This is one of those stories that will have to write itself, because I am too exhausted, excited and exhilarated to have any control over what goes down on this typewriter. I parachuted into Europe two minutes past 1 a.m. this morning, six-and-a-half hours before our seaborne forces began the full-blown invasion of Festung Europa, and I have seen, done and experienced a lot since then.
The 31-year-old, Manchester-born Mosley turned in a riveting, 2,000-word account that won the admiration of his peers. London-based Time reporter William Johnson cabled back to the home office in New York on June 8 saying Mosley’s D-Day piece “is by far the most vivid eye-witness report published here thus far.”
The story traced Mosley’s progress, from boarding the bomber “C for Charlie” at a British airfield at 11:20 p.m. on June 5 through his harrowing landing in France and the tense moments and hours that followed as he worked his way toward the coast.
As dawn came I moved across country through Nazi patrols to get nearer to the coast. Wherever we moved there were traces of our airbourne invasion. Emptied containers, still burning their signal lights, were scattered in fields and orchards, wrecked gliders littered the ground, some of them splintered to matchwood. There were parachutes lying everywhere.
There was an earthshaking holocaust of noise. Approaching the coast under cover of naval ships the invasion barges were coming in and coming in firing. It was a terrific barrage that must have paralysed the defenses. Then ships began nudging towards the beaches and we shook each others’ hands in the knowledge that the invasion, at long last, had begun.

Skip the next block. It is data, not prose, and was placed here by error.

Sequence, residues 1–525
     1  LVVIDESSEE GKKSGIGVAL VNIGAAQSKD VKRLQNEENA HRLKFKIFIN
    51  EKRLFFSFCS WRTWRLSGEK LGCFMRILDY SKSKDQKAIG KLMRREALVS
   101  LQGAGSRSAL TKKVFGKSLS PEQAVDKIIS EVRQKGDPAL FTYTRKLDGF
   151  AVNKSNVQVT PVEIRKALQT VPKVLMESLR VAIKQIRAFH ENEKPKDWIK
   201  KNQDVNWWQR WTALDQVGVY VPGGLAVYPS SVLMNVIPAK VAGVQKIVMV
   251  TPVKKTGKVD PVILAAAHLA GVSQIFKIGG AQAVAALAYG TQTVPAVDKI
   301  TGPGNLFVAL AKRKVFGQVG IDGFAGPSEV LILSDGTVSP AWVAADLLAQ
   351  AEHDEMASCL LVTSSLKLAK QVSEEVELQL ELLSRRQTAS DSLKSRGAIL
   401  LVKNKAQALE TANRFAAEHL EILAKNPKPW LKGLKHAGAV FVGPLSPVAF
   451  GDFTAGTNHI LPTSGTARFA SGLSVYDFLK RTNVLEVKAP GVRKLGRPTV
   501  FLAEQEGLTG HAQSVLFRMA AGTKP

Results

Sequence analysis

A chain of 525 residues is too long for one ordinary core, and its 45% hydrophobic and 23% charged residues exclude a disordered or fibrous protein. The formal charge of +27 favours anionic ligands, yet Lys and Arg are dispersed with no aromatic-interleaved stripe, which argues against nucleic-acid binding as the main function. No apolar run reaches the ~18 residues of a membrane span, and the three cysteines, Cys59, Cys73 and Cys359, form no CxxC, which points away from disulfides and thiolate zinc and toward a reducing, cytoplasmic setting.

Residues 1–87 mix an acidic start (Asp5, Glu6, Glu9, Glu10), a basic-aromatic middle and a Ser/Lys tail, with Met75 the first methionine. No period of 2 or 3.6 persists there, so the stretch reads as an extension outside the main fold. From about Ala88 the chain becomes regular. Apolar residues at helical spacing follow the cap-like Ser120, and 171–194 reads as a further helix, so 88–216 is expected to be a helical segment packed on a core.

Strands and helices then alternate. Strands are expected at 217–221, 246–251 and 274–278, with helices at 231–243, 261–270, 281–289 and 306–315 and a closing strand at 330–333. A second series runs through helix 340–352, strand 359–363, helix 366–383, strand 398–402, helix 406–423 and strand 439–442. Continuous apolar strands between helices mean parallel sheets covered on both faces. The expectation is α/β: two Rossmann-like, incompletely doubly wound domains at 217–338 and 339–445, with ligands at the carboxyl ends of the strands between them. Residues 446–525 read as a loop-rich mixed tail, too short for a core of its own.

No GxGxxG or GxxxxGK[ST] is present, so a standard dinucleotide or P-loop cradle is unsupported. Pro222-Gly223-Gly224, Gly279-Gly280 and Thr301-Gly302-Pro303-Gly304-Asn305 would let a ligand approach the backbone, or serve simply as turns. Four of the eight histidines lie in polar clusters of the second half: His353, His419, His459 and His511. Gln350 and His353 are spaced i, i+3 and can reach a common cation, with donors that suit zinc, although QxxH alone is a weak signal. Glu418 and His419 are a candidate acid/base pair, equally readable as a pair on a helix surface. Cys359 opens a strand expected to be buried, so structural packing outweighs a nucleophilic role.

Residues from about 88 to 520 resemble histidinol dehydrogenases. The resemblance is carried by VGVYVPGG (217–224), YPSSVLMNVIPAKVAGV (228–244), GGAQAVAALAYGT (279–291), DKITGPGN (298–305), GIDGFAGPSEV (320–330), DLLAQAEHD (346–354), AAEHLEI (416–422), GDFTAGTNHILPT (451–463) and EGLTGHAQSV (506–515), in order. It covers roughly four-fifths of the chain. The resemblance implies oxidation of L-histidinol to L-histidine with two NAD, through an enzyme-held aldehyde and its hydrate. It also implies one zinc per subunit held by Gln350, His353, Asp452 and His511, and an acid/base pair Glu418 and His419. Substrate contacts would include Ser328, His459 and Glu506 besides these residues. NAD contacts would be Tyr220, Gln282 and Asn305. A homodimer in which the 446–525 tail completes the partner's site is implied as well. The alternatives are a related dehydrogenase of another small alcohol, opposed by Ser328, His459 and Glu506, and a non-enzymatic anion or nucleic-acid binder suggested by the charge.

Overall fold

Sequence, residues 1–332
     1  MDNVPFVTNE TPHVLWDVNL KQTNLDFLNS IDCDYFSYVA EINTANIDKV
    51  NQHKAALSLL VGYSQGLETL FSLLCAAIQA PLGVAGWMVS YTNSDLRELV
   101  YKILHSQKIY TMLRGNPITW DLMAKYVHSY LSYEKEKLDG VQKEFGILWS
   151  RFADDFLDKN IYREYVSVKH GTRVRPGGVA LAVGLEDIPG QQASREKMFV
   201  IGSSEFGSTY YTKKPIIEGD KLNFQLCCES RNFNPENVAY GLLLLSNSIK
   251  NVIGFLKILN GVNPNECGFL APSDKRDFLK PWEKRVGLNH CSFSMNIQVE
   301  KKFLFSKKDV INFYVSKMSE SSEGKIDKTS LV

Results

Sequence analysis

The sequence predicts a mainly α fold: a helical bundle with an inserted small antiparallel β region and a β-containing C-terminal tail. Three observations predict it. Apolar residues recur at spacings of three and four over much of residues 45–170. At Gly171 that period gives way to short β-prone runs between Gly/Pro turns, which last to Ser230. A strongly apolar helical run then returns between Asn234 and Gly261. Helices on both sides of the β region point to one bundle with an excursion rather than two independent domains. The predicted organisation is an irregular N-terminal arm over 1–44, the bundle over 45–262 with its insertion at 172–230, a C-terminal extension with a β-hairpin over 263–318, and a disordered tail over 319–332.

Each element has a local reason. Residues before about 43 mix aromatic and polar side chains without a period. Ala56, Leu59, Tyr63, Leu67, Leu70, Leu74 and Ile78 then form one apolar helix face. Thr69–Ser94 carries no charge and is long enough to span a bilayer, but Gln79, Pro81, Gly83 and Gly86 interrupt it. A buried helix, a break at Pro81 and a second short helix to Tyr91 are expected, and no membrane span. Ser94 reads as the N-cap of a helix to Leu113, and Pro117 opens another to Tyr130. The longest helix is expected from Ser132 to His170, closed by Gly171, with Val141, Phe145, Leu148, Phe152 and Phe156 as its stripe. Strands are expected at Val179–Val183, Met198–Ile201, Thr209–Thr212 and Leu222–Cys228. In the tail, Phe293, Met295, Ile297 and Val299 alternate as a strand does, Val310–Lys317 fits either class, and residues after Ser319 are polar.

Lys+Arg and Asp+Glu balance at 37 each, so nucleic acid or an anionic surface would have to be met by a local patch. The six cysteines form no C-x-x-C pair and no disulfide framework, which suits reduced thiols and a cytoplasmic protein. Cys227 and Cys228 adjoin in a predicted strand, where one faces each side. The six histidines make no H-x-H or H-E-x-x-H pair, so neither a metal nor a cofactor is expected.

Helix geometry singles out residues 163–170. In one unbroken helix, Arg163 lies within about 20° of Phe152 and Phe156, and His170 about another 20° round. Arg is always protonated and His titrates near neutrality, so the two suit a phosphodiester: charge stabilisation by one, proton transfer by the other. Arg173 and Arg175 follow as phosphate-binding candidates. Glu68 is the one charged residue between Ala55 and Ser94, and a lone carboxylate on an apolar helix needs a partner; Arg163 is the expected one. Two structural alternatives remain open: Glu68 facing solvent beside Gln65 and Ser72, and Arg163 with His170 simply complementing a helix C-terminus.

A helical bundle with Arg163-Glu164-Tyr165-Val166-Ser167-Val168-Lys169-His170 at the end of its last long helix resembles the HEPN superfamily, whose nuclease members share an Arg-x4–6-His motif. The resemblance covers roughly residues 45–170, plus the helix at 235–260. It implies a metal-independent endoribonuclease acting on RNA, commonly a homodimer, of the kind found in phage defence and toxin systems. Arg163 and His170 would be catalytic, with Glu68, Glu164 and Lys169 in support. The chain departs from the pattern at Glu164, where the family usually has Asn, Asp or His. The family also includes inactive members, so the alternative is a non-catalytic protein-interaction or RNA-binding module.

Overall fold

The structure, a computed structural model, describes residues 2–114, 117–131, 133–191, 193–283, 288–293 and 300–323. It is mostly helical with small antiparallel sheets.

Mosley’s report wraps up shortly after 9 p.m. on June 6, with another fleet of gliders coming in to reinforce the airborne troops who had landed nearly 24 hours earlier. An unnamed general assures him that everything is going to plan, and Mosley concludes: “It still is, as I finish this dispatch. We are confident it will continue to go according to plan.”
Like Walton with the 82nd, Robert Reuben of Reuters had the good fortune to be assigned to a transport carrying one of the invasion’s key players, in his case Gen. Maxwell Taylor of the 101st Airborne.
In fact, Reuben preceded Taylor out of the door of their plane, just hours after the general had received a farewell pep talk from Gen. Dwight D. Eisenhower at a British airfield. Since then, the 25-year-old correspondent had fallen asleep on the ride over, only to be shaken awake by Maj. Larry Legere as they crossed the French coastline.
Mesmerized by tracer bullets in the air as he descended, Reuben had a smooth landing but struggled to escape his harness once on the ground, he wrote in a lengthy narrative printed in Liberty magazine in August 1944. Finally able to cut himself free with a trench knife, he stumbled through the countryside before finding a pair of comrades, who nearly shot him because he couldn’t remember the password.